We realize there's only so much time one can spend in a day watching new trailers, viral video clips, and shaky cell phone footage of people arguing on live television. This is why every day The Atlantic Wire highlights the videos that truly earn your five minutes (or less) of attention. Today: That Wire look is no accident, Foxconn has a nice track for a light run, and David Letterman is rendered quipless by Larry Bird and Magic Johnson
Marketplace snagged video from inside China's Foxconn complex where your iPad was made. It's very sterile and vaguely disheartening, but not unreasonably. What's very nice is the tour of the Foxconn campus, which seems to resemble the campus of a community college or a retirement community where everyone goes to work and builds iPads. There's even a jogging track, with bleachers, which are probably helpful when Foxconn holds a big cross country meet. [via Marketplace]
Larry Bird and Magic Johnson went on the Late Show last night to muse about their rivalry. They've done this before, but Letterman was transfixed and earnest for (nearly) the entire time. These stretches are few and far between -- usually they happen before or after a Foo Fighters performance -- but when they do, it's impossible to look away, because it would mean not engaging fully in something David Letterman considers truly important. Nobody else in television commands that kind of respect. [via CBS]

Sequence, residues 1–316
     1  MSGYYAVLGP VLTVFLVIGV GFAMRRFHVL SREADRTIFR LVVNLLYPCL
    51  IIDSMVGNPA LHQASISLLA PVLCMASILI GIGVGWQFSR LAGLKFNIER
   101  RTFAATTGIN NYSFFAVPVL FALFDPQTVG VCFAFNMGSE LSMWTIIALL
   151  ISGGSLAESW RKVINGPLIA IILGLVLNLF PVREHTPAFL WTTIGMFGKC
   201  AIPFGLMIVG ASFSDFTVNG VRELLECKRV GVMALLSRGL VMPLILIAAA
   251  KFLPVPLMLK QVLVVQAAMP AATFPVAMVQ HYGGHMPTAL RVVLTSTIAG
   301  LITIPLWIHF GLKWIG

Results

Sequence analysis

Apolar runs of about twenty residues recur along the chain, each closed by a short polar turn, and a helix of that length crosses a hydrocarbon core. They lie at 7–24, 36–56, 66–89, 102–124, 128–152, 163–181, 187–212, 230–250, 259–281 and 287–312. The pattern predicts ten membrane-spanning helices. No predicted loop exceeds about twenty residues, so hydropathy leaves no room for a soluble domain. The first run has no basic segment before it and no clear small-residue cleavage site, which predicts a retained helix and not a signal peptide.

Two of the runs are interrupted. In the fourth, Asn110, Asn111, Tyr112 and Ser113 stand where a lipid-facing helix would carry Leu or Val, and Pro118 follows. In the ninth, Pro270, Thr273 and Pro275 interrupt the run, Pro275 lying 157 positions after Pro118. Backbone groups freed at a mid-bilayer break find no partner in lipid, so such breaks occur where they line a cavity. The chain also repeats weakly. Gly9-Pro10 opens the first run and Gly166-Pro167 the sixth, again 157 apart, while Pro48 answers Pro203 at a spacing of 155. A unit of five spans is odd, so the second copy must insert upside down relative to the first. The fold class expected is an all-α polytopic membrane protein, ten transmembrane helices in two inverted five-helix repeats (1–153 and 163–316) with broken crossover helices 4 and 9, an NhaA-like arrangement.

Here's a video of security guards politely ejecting someone in a bright green marijuana leaf suit from the Toronto Blue Jays home opener. If you have to be ejected from a baseball game while dressed like a giant pot leaf, this is the way you'd like it to happen. No raised voices, no fisticuffs. Canada's ballpark cops are all class. [via mcdexyg]
In the long-but-good department, a Norwegian film professor has produced a thorough analysis of the visual style of The Wire. The argument is that that Wire feel comes from a streamlined, disciplined style that doesn't seem particularly special -- it's not a Miami Vice "look" -- but actually lets the audience see and hear more than we even realize. It's a tad film school-y, but you don't have to be an aspect ratio snob to notice how the camera is perpetually probing the action even when it seems stationary and how the show's montages actually count. [via Fast Co.]
This article is from the archive of our partner The Wire.
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